In addition to intellectual and developmental disabilities, children with down’s syndrome are at an increased risk for certain health problems, such as heart defects, vision problems, hearing loss, hypothyroidism, blood disorders, hypotonia, etc.
The National down’s syndrome Society states that children with down’s syndrome may experience behavioural and emotional problems, including anxiety, depression, and Attention Deficit Hyperactivity Disorder. They might also display repetitive movements, aggression, autism, psychosis, or social withdrawal. They are also more likely to have difficulty coping with these problems, especially during adolescence.
According to the CDC, about 50% of all babies born with down’s syndrome have a congenital heart defect. CHDs can cause high blood pressure in the lungs, ineffective and inefficient pumping of blood by the heart and cyanosis. Some heart defects can be minor and can be treated with medication, but others need immediate surgery.
More than half of children with down’s syndrome have vision problems, including cataracts that may be present at birth. The risk of cataracts increases with age. Other eye problems that are common among children with down’s syndrome are near-sightedness, “crossed” eyes, and rapid, involuntary eye movements.
Research states that in up to 75% of the cases of down’s syndrome, children have some hearing loss. In some cases, it is related to structural problems with the ear. Children with down’s syndrome also have an increased tendency of ear infections, which should be treated quickly to prevent possible hearing loss.
Many children with down’s syndrome have disrupted sleep patterns and often have obstructive sleep apnea, which causes significant pauses in breathing during sleep. It can also lead to problems in the immune system that can make it difficult for the body to fight off infections, so the risk of infections is high and the children should receive all recommended immunizations to help prevent infections.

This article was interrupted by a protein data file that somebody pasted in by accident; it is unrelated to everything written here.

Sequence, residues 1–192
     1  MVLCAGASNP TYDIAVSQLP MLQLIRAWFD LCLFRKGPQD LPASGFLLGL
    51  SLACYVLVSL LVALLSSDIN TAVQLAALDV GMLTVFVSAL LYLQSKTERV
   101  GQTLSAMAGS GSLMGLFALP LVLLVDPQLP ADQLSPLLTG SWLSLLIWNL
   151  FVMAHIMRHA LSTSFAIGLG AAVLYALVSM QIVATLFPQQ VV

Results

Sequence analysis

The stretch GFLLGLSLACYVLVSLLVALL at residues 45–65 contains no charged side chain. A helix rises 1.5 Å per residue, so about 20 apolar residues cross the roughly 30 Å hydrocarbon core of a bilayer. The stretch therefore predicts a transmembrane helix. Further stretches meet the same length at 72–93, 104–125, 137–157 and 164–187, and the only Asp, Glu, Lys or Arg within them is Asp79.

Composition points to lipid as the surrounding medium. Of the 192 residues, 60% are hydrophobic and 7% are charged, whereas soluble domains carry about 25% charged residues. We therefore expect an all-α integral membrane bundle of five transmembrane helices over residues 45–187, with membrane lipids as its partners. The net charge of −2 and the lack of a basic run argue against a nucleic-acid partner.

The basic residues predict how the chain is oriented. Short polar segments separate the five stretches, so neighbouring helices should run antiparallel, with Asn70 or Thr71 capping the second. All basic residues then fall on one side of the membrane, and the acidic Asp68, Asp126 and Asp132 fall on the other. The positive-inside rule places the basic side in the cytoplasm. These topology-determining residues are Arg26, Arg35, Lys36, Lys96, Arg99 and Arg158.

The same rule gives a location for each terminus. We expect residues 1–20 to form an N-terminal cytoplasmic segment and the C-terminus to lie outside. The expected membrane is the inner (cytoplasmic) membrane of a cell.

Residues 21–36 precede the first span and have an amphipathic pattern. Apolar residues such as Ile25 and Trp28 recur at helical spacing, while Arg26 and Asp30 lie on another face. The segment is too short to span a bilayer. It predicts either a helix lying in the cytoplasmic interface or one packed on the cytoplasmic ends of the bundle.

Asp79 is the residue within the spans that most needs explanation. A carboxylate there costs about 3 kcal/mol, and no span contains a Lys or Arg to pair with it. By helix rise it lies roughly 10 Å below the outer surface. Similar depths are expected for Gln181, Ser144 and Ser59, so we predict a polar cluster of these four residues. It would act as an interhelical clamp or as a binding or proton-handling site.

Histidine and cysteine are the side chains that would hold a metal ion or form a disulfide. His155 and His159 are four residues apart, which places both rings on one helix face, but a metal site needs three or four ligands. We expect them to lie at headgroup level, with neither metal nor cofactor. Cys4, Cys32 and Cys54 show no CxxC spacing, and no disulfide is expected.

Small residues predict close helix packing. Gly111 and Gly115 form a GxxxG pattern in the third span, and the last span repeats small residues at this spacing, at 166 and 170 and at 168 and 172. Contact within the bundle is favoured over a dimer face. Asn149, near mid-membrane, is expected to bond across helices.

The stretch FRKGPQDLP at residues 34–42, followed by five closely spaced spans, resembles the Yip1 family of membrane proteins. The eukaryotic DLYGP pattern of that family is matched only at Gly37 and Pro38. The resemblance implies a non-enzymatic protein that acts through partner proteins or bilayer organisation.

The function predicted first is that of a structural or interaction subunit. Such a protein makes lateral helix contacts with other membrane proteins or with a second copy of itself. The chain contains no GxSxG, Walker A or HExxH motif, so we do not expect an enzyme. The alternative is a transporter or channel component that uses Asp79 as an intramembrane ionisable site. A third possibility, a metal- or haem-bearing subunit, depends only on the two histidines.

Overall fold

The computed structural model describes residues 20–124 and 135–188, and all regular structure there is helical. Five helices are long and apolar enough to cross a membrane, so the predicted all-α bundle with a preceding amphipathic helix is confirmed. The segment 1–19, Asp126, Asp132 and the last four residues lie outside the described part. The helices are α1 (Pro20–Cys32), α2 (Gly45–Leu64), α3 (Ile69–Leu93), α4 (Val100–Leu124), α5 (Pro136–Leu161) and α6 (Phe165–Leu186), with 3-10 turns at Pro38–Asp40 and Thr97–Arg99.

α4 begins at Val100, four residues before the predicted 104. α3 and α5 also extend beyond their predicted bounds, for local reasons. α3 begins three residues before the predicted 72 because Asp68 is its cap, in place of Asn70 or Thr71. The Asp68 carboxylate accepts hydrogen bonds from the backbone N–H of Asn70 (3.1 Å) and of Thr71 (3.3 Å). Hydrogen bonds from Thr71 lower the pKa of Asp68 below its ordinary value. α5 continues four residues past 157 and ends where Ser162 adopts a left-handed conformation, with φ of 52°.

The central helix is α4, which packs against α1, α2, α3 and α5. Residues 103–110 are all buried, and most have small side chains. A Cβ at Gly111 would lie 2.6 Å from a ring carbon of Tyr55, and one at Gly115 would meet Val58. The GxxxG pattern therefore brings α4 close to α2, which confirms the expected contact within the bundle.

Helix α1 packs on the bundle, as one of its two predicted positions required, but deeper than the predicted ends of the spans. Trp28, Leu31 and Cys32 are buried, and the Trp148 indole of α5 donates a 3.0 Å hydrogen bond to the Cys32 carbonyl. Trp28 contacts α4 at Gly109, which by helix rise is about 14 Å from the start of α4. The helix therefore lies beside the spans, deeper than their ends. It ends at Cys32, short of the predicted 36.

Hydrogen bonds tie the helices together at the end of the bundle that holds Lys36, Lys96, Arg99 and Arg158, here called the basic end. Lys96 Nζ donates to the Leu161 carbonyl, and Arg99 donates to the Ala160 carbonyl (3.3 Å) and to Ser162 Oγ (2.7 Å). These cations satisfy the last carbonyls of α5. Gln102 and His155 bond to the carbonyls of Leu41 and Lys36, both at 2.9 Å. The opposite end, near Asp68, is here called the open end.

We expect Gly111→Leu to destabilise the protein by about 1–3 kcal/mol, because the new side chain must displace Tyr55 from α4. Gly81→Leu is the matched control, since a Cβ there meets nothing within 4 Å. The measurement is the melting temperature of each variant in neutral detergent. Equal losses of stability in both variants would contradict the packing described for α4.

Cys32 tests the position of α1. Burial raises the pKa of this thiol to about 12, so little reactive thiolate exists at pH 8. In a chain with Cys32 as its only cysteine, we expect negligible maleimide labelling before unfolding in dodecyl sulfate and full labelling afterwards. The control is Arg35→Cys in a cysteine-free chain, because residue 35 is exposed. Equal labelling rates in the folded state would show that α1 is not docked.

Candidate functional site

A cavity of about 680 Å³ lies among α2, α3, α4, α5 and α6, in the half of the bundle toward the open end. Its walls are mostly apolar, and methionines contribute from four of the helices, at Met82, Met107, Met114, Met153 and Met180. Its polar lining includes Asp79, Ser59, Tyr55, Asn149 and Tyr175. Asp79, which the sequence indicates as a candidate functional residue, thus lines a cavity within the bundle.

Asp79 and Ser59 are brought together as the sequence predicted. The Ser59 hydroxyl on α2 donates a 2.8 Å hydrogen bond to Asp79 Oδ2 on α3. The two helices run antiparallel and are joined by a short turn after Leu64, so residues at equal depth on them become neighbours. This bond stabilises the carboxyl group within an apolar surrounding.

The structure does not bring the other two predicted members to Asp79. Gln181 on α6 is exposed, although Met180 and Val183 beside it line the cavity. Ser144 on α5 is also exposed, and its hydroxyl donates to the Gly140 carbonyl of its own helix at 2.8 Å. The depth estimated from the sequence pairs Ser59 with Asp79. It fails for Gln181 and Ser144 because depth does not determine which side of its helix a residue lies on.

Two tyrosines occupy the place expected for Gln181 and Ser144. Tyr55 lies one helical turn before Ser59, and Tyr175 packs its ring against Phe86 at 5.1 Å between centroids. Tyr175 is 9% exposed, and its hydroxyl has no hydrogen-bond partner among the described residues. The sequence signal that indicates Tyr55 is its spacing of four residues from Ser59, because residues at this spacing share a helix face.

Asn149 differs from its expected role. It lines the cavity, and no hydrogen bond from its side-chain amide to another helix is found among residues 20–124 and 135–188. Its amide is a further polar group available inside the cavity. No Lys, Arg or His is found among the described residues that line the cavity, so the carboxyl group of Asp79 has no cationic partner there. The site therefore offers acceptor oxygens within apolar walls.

Children with down’s syndrome tend to have hypothyroidism (when the thyroid makes little or no thyroid hormone). A child may have thyroid problems at birth or may develop them later, so health care providers recommend a thyroid examination at birth, at 6 months, and annually throughout life.
Down’s syndrome patients are much more likely to have blood disorders such as leukaemia (cancer of the white blood cells), anaemia (low iron in the blood) and polycythemia (high red blood cell levels), among other blood disorders. They may have dental problems such as slow and irregular development of teeth, gum diseases, poor oral hygiene, etc.
Poor muscle tone and low strength can lead to physical difficulties like delays in rolling over, sitting up, crawling, and walking. It combined with a tendency for the tongue to stick out, can also make it difficult for an infant with down’s syndrome to feed properly and they may need nutritional supplements. In some cases, the weak muscles can cause problems along the digestive tract, leading to various digestive problems, from difficulty swallowing to constipation. Other conditions that are associated with down’s syndrome are Epilepsy, celiac disease, etc. Lastly, older adults with down’s syndrome have an increased risk for developing Alzheimer’s disease.
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